What’s in your water? Do you know?
Usually we like to inject a little humor into our blog topics. But this time, we won’t dwell on funny cultural references about things lurking deep beneath Colorado’s reservoirs and rivers, like the Loch Ness monster or the Creature from the Black Lagoon.
Your drinking water is serious business.
Unless your home taps into well water, your drinking water likely comes from a city water source. While municipal water purification plants work hard to clean our drinking water, more and more pollutants are ending up in city sources.
According to UNESCO, an international environmental watchdog, a whopping 90% of sewage in developing countries is released untreated directly into our bodies of water. Whoa. Yuck.
Furthermore, pollutants from agriculture and urban areas, including industrial factories, often ups the amount of pollution in our water UNESCO said.
Water filtration could safeguard and protect your family for three reasons:
- Your drinking water could contain lead, chlorine and other contaminants that a good filtration system could remove. According to the Natural Resources Defense Council (NRDC), “research showed that 186 million people in the country—a staggering 56 percent of our population—drank water from systems with lead levels exceeding that recommended by the American Academy of Pediatrics to protect children.”
- Pathogens and other contaminants in the water could be making you sick.
- Sand and silt could be part of your water supply.
Our local water supply
You may have seen articles on the web or in the paper about local fires possibly affecting our Colorado water supply. Basically, burned vegetation means more sediment can end up in our water. More sediment in our water means more chemicals may be used to make our water less cloudy, according to the Denver Channel.
In addition, many people in Colorado may be worried about lead in their water supply.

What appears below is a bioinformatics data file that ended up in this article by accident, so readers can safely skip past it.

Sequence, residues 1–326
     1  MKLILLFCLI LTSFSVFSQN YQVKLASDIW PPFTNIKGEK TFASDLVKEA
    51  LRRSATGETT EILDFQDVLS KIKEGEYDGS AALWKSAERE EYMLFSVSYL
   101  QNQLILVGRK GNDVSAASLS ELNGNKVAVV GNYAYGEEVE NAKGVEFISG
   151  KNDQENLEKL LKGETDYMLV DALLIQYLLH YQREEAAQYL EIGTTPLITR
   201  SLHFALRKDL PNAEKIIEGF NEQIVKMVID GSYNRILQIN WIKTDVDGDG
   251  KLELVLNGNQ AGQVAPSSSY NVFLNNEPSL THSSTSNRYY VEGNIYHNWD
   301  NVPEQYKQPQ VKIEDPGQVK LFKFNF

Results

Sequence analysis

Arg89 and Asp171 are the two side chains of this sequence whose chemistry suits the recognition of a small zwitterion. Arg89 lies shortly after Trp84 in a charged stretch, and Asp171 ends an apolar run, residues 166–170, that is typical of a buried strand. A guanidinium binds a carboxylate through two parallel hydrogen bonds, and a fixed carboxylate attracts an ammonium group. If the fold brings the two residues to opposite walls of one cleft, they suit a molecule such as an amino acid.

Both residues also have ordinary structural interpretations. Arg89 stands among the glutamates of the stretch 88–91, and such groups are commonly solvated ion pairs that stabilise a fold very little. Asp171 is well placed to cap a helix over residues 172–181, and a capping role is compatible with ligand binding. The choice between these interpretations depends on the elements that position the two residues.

Up until the 1950s, lead was used in some Denver water pipes. Though the city pipes have since been replaced, there’s no way to know which home building contractors were using them when they constructed new neighborhoods. If your house was built during the 1950s and before, there is a chance that you still have lead freshwater pipes. We’d recommend having your water tested if you live in an older house.
How we can help
While most people simply view us as a plumbing repair service, Garvin’s plumbing contractors of Englewood can install whole house or sink filtration systems to safeguard your family’s drinking water supply.
Denver’s water is pretty clean, but is it 100% contaminant free? No.
If you’re the type of person who buys pesticide-free, non-GMO food, then that one extra step of filtering your water might put your mind at ease.
A filtration system can remove pathogens, contaminants and sediment. If you sometimes experience discoloration in your water, a good filter can help your water run clear and pure. Plus, filtering your water, whether it is from a well or a city source, can make your water taste better.
Contact Garvin’s Sewer Service of Denver and Englewood today. We would love to talk with you about how a whole house or sink filtration system can deliver the safest, best tasting water for your entire family.
(We are proud to partner with local Denver based ClearView Water for water filtration services.)